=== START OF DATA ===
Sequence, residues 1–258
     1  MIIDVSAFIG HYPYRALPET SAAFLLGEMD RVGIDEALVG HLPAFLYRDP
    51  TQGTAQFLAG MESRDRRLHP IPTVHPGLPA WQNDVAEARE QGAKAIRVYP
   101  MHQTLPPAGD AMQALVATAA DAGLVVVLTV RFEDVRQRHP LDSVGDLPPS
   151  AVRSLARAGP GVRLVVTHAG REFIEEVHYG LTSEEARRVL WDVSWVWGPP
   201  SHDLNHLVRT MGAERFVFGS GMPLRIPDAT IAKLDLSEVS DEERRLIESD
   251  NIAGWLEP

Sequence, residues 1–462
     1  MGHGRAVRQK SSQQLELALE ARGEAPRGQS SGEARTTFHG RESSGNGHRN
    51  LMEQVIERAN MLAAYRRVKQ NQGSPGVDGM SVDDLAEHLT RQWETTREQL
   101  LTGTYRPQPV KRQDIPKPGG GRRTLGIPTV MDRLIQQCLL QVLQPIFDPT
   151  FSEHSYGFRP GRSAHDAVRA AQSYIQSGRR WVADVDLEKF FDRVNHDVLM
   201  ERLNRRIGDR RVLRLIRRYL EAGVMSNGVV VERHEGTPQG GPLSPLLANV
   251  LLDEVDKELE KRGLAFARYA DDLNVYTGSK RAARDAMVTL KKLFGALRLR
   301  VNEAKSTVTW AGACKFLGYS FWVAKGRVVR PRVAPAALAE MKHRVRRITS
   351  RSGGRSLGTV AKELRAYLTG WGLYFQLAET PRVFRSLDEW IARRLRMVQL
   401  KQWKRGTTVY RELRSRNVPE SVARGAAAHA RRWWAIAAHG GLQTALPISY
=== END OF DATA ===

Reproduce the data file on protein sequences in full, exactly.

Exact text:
Sequence, residues 1–258
     1  MIIDVSAFIG HYPYRALPET SAAFLLGEMD RVGIDEALVG HLPAFLYRDP
    51  TQGTAQFLAG MESRDRRLHP IPTVHPGLPA WQNDVAEARE QGAKAIRVYP
   101  MHQTLPPAGD AMQALVATAA DAGLVVVLTV RFEDVRQRHP LDSVGDLPPS
   151  AVRSLARAGP GVRLVVTHAG REFIEEVHYG LTSEEARRVL WDVSWVWGPP
   201  SHDLNHLVRT MGAERFVFGS GMPLRIPDAT IAKLDLSEVS DEERRLIESD
   251  NIAGWLEP

Sequence, residues 1–462
     1  MGHGRAVRQK SSQQLELALE ARGEAPRGQS SGEARTTFHG RESSGNGHRN
    51  LMEQVIERAN MLAAYRRVKQ NQGSPGVDGM SVDDLAEHLT RQWETTREQL
   101  LTGTYRPQPV KRQDIPKPGG GRRTLGIPTV MDRLIQQCLL QVLQPIFDPT
   151  FSEHSYGFRP GRSAHDAVRA AQSYIQSGRR WVADVDLEKF FDRVNHDVLM
   201  ERLNRRIGDR RVLRLIRRYL EAGVMSNGVV VERHEGTPQG GPLSPLLANV
   251  LLDEVDKELE KRGLAFARYA DDLNVYTGSK RAARDAMVTL KKLFGALRLR
   301  VNEAKSTVTW AGACKFLGYS FWVAKGRVVR PRVAPAALAE MKHRVRRITS
   351  RSGGRSLGTV AKELRAYLTG WGLYFQLAET PRVFRSLDEW IARRLRMVQL
   401  KQWKRGTTVY RELRSRNVPE SVARGAAAHA RRWWAIAAHG GLQTALPISY